MELBOURNE, Australia — Victoria’s alcohol services have experienced a surge in demand as many locked-down residents turned to the bottle, a new poll shows.

The Victorian Alcohol and Drug Association surveyed services across the state between December 2020 and January 2021 to gauge the impact of the Covid-19 pandemic on client presentations.

Of the 38 agencies, 70 percent said alcohol featured either “a lot more” or “a bit more” as a drug of concern.

The association’s executive officer Sam Biondo said the result confirmed widespread anecdotal evidence from support services throughout 2020.

“Not only have the number of people dealing with alcohol issues increased, but we have also consistently heard from services that there is a greater level of severity among those presenting with alcohol issues,” he said on May 14.

The adverse circumstances generated by Covid-19 combined with an opportunistic alcohol industry has resulted in a surge in people desperate for help with alcohol dependency. (Thomas Picauly/Unsplash)

“We have also been consistently hearing that people new to treatment are seeking help, often mums and dads, following increased alcohol consumption during the restrictions.

“The adverse circumstances generated by Covid-19 combined with an opportunistic alcohol industry has resulted in a surge in people desperate for help with alcohol dependency.”

The association said it was common for alcohol consumption to rise in natural disaster-affected areas, citing Victoria’s 2009 Black Saturday bushfires and the 2010/11 Queensland floods as examples.

With the state budget to be delivered next week, Biondo suggested already stretched alcohol and other drug services needed a funding injection.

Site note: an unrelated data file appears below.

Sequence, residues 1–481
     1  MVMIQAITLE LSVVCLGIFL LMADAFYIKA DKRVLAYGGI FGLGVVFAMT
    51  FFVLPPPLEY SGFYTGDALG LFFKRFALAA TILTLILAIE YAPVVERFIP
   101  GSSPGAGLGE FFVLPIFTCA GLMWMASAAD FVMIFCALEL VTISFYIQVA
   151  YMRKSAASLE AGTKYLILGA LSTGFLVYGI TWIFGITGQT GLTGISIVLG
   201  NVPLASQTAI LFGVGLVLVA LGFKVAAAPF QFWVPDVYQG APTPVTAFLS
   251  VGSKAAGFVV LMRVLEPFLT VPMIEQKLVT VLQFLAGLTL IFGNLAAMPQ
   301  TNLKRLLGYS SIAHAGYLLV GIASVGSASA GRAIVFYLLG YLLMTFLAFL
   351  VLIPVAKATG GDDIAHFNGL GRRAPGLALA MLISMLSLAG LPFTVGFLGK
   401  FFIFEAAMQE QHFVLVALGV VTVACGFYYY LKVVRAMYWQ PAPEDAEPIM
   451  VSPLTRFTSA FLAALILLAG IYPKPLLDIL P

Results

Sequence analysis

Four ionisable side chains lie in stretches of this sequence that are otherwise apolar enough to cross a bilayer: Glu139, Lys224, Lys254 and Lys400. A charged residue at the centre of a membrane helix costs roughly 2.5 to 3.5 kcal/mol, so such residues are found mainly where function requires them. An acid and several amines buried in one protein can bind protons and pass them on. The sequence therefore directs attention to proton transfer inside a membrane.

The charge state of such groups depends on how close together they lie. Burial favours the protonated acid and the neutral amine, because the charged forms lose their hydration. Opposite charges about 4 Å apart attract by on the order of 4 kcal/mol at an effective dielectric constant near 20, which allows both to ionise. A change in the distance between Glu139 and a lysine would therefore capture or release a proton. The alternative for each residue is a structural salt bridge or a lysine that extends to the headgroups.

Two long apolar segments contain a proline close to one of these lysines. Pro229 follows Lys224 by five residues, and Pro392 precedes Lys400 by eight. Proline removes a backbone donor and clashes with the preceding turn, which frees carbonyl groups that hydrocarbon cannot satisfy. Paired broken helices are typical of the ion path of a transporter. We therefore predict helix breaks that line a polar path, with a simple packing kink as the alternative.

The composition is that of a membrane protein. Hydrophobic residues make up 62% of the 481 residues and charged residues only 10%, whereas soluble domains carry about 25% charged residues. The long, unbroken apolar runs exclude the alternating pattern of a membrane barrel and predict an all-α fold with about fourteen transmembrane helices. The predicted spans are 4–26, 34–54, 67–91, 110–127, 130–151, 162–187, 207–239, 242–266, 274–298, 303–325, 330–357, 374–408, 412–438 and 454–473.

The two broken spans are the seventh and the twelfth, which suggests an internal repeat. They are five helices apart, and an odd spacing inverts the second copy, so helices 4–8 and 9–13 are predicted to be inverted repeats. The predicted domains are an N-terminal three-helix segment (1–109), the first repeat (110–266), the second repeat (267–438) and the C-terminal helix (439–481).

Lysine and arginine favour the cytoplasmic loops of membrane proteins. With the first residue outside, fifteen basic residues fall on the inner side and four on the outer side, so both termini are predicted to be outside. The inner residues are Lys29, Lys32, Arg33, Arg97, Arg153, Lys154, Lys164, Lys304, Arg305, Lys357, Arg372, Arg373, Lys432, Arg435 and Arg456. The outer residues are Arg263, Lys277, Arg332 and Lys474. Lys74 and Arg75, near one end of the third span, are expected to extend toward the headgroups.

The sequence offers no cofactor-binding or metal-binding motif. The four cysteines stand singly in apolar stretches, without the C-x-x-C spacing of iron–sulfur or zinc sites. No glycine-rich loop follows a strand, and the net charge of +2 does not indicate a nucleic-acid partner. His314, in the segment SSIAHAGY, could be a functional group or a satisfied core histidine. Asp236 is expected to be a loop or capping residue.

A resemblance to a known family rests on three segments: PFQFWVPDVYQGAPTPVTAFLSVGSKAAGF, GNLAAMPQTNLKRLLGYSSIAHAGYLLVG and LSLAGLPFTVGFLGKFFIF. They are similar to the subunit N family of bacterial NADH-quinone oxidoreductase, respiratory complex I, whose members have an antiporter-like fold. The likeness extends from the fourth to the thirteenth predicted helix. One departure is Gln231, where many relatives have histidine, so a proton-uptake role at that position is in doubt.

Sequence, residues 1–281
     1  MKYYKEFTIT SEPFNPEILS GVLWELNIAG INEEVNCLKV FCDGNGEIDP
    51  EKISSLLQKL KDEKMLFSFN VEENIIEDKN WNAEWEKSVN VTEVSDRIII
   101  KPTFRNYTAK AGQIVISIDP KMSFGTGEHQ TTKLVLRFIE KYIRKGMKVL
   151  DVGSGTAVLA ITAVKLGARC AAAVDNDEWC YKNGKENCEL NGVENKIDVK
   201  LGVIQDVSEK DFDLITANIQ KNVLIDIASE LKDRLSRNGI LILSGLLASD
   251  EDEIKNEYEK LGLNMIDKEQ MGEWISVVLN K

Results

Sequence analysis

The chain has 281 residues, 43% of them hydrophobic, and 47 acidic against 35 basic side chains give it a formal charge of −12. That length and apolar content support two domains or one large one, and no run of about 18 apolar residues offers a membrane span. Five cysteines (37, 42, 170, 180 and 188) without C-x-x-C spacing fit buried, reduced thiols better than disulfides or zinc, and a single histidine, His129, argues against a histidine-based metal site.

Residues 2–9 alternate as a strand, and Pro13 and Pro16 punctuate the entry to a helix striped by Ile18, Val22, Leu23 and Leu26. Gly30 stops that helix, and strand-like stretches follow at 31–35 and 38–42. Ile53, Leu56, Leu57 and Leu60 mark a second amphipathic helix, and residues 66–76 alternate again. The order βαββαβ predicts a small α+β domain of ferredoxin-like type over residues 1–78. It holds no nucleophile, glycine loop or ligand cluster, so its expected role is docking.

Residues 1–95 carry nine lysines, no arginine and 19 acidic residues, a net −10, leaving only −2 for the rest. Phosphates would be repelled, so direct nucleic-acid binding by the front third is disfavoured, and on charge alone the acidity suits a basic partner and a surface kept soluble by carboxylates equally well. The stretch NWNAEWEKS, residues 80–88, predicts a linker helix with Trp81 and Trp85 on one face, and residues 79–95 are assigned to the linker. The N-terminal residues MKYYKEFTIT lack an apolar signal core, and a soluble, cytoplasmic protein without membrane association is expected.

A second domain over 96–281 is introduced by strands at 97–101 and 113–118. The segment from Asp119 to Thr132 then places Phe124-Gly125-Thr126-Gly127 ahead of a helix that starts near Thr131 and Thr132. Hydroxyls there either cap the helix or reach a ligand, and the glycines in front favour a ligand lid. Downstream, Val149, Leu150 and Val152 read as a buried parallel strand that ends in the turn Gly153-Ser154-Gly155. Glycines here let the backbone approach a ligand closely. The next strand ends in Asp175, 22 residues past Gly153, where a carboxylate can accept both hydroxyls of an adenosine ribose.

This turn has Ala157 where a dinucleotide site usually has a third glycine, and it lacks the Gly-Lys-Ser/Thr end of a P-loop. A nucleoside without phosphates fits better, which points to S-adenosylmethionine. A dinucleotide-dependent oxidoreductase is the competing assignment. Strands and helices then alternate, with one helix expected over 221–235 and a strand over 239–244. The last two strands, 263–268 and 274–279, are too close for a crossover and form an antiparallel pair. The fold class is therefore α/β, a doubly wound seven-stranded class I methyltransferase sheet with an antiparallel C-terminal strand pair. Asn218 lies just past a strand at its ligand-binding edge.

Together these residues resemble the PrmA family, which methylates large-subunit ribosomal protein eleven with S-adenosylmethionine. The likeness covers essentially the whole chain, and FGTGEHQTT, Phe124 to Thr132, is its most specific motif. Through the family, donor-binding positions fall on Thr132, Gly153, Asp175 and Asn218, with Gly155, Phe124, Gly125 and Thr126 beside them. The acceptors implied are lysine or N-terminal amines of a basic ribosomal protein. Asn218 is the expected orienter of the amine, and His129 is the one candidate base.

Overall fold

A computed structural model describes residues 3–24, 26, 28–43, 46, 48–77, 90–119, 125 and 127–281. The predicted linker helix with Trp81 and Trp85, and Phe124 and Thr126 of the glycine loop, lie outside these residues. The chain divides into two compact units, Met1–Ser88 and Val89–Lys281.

“We need to ensure that services are adequately funded to deal with this demand,” he said.

We have also been consistently hearing that people new to treatment are seeking help, often mums and dads, following increased alcohol consumption during the restrictions. (Adrian Swancar/Unsplash)

Fellow peak body the Foundation for Alcohol Research and Education is also pushing for greater regulation of booze giants as part of the state government’s ongoing review of the Liquor Control Reform Act.

The Act regulates the supply of liquor in Victoria. Its objectives are to contribute to minimizing harm arising from the misuse and abuse of alcohol, including by providing adequate controls over the supply and consumption of liquor.

“The Victorian government has the opportunity to introduce measures that would reduce the hidden harms from alcohol use including alcohol use disorders, family violence, and chronic diseases,” Foundation for Alcohol Research and Education chief executive Caterina Giorgi said.

“This includes measures to ensure that alcohol companies pushing alcohol into people’s homes through online sales and delivery are meeting community standards.”

The Foundation for Alcohol Research and Education, formerly the Alcohol Education & Rehabilitation Foundation, is an independent, not-for-profit, Australian health organization based in Canberra.

Working with local communities, values-aligned organizations, health professionals, and researchers across the country, the organization strives to improve the health and wellbeing of everyone in Australia.

(Edited by Vaibhav Vishwanath Pawar and Ritaban Misra)



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